Ett kungahus i tiden : Den bernadotteska dynastins möte med medborgarsamhället c:a 1810–1860

Detta är en avhandling från Uppsala : Acta Universitatis Upsaliensis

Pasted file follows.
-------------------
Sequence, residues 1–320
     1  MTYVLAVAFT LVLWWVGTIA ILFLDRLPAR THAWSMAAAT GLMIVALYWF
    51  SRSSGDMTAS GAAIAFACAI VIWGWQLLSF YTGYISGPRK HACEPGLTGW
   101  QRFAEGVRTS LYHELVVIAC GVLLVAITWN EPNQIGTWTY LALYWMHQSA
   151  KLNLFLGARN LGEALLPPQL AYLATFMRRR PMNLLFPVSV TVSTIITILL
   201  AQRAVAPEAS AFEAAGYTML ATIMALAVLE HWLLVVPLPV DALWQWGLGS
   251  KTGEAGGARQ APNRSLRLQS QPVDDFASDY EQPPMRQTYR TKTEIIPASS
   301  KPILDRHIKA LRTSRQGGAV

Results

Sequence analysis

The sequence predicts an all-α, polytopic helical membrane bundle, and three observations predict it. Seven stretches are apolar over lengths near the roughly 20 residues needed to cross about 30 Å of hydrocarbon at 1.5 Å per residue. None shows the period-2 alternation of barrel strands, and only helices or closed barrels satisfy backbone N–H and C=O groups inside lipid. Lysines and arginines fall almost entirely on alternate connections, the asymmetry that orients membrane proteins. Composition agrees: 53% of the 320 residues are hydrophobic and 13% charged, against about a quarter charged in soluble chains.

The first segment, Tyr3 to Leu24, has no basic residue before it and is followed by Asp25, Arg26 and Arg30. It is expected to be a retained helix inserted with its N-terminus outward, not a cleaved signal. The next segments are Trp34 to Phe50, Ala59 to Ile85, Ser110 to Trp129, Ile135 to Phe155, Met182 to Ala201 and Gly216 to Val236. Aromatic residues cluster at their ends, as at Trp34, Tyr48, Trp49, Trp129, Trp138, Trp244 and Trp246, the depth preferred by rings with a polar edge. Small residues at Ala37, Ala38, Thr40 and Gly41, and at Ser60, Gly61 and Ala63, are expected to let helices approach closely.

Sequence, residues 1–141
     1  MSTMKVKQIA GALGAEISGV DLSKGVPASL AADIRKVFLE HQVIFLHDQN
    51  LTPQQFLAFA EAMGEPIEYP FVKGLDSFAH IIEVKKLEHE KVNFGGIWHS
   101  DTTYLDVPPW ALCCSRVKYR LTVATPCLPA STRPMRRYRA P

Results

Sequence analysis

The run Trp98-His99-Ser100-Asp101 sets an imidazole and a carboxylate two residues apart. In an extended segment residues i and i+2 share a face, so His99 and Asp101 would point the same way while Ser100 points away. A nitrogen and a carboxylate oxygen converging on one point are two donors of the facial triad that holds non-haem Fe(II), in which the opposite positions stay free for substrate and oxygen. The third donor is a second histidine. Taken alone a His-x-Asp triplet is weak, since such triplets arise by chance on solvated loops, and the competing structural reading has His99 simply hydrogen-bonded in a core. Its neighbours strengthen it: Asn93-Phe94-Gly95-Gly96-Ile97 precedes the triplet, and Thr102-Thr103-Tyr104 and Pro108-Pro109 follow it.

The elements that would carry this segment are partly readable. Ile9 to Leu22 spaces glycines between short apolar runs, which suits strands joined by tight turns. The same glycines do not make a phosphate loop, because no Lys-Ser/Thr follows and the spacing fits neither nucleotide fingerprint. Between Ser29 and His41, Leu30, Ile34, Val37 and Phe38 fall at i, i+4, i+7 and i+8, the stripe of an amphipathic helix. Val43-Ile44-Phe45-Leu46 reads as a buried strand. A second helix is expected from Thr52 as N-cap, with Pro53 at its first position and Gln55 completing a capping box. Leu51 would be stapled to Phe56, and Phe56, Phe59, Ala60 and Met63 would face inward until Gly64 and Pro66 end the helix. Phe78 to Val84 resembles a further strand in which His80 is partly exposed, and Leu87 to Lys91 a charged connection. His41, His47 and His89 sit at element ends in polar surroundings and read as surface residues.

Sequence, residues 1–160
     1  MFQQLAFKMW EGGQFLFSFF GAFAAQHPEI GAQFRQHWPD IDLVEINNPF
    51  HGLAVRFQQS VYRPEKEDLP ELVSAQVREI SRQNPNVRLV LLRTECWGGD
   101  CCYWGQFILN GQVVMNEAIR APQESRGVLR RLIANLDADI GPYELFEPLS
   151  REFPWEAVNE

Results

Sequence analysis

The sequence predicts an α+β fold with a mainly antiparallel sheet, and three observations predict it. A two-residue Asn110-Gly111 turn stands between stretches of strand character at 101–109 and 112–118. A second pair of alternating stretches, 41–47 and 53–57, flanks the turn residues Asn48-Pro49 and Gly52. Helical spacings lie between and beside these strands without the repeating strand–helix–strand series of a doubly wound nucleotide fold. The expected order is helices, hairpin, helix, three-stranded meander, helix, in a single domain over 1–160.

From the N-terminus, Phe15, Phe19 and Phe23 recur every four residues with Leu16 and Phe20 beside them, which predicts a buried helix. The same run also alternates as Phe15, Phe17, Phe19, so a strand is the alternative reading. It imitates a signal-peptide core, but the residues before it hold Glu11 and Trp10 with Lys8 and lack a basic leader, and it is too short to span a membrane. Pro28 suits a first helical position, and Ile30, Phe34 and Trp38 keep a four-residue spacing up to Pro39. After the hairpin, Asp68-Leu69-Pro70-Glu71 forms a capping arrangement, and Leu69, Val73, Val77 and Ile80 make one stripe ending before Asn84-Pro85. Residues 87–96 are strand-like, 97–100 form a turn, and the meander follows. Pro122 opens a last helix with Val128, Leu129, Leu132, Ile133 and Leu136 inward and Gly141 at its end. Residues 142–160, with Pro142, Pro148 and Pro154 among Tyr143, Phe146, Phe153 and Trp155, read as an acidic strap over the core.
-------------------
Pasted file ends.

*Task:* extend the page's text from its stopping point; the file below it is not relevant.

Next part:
Sammanfattning: The purpose of this dissertation is to describe and analyze how the Royal House of Bernadotte maintained and strengthened its legitimacy in the united kingdoms of Sweden and Norway during the first half of the 19th century. Sweden’s repeated military setbacks during the first decade of that century had undermined the last vestiges of the autocratic monarchy’s legitimacy, and as a consequence King Gustav IV Adolf was deposed in a military coup in March 1809. In June parliament adopted a written constitution and the deposed king’s uncle, Prince Charles, ascended the throne as Charles XIII.  Since Charles had no children, parliament in August 1810 elected Jean Baptiste Bernadotte, Marshal of the French Empire and Prince of Pontecorvo, as heir to the Swedish throne.Bernadotte, who in Sweden used the name Charles John and was adopted by Charles XIII, immediately became the country’s regent due to the king’s poor health. In that capacity he managed to restore the country’s bruised military confidence and dampen domestic political tensions. In 1813 he led the Northern Army that helped depose his former brother in arms and relative, Emperor Napoleon I. As a sign of appreciation, Sweden was awarded Norway that since the 1300s had been united with Denmark. When Charles XIII died in 1818, the former revolutionary general was proclaimed Charles XIV, king of Sweden and Norway.In older history writing, Charles John’s rule has been described as conservative, even reactionary. This dissertation is linked to research in recent decades that shows that this picture is oversimplified, and partly misleading.  This thesis, which also comprises the reign of Oscar I, describes and analyzes how the first two Bernadotte kings interacted with the new societal formation – the civic society that during the 19th and 20th centuries gradually replaced the older elite-ruled society, first in Norway and later in Sweden. This is done through three substudies. The first shows how the royal house used the royal court as a meeting place and invited civic society representatives there. The second substudy describes how the royal house entered civic society by getting involved in so-called voluntary civic associations. The third, and final, substudy depicts how the heirs to the throne Oscar (I) and Charles (XV) and their siblings were readied for encounters with civic society. The dissertation ties in with two international research trends. On the one hand, the modern research on monarchies where British historian Peter Burke is one of the prominent advocates; and on the other, the interdisciplinary research closely linked to the German sociologist and philosopher Jürgen Habermas, which studies and describes various aspects of the emergence and expression of modern civic society. The dissertation’s overall conclusion is that the Royal House of Bernadotte, seen in an international context, during the period 1810–1860 appeared to be notably civic-minded with a clear civic profile.

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